In the past, when there’s been evidence of our government improperly infringing on the civil liberties of American citizens, we as a nation have firmly rejected that course of action. We’ve taken those moments as opportunities to strengthen our resolve and renew our commitment to the values we all share.

Under the leadership of J Edgar Hoover, the FBI would wiretap, recruit secret informants, and fix the paperwork in ways that trampled on the rights of ordinary Americans as a matter of practice. It was business as usual. That’s why, during the 1970s, this chamber undertook vigorous oversight efforts, under the leadership of the late Sen Frank Church, to shine a light on the excesses and abuses of our intelligence bureaucracy.

Based on what we learned from that inquiry, Congress passed the FISA Act. That legislation establishes protections to ensure that government bureaucrats can’t just spy on American citizens whenever they feel like it. In order to surveil an American citizen, the FBI must acquire a lawful order from a court of law. We give them that power along with an expectation that they’ll do their due diligence in using it. That they’ll provide the court full and accurate information. That they’ll follow the rule of law and their own internal guidelines. That they’ll respect the boundaries Congress has set for them instead of reverting to the free-wheeling, heavy-handed tactics they embraced in the past.

Most of the hard-working men and women of our DOJ and FBI today understand and respect those boundaries. However, it seems old habits really do die hard. Politics has crept back into the FBI’s work. The actions taken by Obama’s and Comey’s FBI sound an awful lot like the ones taken under Hoover.

Where do we go from here? I’ve said it before, and I’ll say it again. Sunlight is the best disinfectant. Transparency brings accountability, and it helps us take reasoned steps to ensure that the mistakes of the past aren’t repeated in the future.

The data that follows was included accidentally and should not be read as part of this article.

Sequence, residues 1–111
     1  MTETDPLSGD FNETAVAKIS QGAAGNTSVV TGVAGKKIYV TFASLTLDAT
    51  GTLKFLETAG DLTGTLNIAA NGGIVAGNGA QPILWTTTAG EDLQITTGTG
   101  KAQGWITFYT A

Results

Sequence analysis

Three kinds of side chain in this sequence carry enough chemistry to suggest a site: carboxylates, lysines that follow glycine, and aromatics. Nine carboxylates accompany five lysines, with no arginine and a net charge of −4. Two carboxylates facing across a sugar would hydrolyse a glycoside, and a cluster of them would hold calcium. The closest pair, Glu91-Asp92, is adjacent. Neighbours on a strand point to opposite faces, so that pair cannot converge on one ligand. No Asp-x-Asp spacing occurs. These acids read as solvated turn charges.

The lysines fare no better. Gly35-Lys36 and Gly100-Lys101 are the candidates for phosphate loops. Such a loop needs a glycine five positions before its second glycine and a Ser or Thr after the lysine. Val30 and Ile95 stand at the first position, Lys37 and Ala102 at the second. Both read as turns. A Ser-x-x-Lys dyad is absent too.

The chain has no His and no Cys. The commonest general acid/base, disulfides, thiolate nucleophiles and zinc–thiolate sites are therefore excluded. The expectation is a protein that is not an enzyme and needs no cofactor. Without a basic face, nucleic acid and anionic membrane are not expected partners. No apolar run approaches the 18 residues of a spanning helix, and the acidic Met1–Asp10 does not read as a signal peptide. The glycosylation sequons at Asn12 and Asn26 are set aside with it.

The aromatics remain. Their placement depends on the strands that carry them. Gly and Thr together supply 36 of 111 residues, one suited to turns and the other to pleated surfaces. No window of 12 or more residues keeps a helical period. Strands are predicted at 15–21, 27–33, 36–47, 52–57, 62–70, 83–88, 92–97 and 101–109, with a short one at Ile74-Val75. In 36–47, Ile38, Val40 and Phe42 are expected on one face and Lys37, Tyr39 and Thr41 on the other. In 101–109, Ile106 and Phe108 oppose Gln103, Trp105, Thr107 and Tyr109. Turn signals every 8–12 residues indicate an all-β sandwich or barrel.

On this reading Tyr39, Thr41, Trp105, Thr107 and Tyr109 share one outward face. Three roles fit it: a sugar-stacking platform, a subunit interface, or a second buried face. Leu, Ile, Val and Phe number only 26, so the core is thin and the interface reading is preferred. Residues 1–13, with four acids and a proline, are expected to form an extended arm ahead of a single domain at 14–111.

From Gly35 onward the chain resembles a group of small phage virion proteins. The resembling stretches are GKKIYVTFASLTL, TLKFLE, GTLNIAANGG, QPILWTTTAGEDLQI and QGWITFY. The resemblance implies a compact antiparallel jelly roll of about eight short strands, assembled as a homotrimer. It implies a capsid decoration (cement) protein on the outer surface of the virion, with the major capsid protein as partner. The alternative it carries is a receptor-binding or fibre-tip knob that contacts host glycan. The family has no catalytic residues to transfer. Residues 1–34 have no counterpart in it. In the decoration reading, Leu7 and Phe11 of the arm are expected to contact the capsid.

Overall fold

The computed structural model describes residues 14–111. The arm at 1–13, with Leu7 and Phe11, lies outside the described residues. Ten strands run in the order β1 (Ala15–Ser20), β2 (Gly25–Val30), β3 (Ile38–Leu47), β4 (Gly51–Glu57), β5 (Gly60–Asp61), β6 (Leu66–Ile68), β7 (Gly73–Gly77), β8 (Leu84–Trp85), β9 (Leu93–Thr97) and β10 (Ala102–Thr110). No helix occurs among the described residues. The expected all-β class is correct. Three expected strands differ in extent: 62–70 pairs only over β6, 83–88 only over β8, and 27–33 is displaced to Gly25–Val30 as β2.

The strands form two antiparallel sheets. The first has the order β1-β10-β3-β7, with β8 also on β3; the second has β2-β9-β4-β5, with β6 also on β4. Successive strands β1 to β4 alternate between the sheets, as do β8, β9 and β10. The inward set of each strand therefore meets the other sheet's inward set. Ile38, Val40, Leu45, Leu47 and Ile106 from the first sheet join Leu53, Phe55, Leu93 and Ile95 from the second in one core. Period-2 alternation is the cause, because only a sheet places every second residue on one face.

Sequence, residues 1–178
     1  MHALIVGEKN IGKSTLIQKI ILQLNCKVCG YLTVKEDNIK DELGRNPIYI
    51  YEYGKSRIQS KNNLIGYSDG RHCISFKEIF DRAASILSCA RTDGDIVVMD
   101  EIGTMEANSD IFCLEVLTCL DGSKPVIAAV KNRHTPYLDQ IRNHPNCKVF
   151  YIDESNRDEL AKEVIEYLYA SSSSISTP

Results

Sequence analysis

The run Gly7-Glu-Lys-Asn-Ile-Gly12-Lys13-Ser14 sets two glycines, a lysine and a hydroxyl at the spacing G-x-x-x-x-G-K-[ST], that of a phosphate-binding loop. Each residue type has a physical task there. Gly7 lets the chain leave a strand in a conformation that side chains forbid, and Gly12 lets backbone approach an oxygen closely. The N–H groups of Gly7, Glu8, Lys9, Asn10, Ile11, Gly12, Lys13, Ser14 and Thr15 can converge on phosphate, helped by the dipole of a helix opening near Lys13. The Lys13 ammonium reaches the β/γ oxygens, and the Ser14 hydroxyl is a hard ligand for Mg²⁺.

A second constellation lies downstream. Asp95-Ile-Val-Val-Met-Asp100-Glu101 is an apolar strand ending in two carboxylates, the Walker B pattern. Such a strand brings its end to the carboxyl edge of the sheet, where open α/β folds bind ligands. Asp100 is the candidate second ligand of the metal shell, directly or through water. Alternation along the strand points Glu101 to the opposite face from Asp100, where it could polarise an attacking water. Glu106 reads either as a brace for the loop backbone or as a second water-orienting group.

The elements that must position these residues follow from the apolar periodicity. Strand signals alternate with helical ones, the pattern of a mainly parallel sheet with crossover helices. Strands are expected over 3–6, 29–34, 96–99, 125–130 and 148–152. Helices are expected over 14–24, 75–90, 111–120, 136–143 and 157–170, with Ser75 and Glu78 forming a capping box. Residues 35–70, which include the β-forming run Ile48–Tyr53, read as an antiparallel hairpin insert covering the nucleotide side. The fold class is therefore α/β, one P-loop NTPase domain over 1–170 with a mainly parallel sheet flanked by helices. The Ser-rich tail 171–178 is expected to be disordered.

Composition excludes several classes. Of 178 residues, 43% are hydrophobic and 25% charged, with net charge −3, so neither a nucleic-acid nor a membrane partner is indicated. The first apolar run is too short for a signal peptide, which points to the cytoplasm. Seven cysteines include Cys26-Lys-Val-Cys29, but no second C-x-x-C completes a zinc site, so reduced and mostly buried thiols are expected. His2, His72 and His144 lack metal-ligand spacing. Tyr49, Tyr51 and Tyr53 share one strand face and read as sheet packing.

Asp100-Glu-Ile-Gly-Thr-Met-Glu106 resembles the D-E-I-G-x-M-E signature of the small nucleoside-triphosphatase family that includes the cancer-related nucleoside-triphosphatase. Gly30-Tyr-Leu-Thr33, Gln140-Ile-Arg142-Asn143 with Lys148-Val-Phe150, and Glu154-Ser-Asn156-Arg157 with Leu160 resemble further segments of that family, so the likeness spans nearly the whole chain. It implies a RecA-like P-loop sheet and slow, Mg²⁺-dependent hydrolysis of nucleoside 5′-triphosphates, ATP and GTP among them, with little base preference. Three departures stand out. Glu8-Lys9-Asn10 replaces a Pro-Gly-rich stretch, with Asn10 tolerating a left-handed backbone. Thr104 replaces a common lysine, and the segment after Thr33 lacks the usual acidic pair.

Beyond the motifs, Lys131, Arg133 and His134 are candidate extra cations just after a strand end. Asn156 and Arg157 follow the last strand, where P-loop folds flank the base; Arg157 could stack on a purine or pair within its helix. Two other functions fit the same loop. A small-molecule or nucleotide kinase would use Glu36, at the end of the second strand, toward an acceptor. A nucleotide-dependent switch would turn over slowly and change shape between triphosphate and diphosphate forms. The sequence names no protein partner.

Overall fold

After what I believe was far too long a wait, I’m happy to have finally received the Inspector General’s report. I thank Inspector General Horowitz and his staff for all their hard work. I am pleased to see that much of the Inspector General’s report is publicly available. Once again, this is due in no small part to President Trump’s unprecedented commitment to transparency. I appreciate the President’s willingness to grant Attorney General Barr broad declassification authority, and I appreciate Attorney General Barr’s willingness to use it to bring much of what happened out into the open. It’s an important first step toward ensuring accountability.

Of course, there are still many unanswered questions. Going forward, I eagerly await Mr. Durham’s findings with respect to how the Intelligence Community handled its part in the corrupted Russia investigation.

In that sense, I view this most recent inspector general report as one part in a multi-part act. Durham’s public comments make clear that he finds issue with whether the opening of the Russia investigation was properly predicated. His findings may prove critical to finally and fully understanding what happened during the Obama administration’s fabricated investigation into Trump.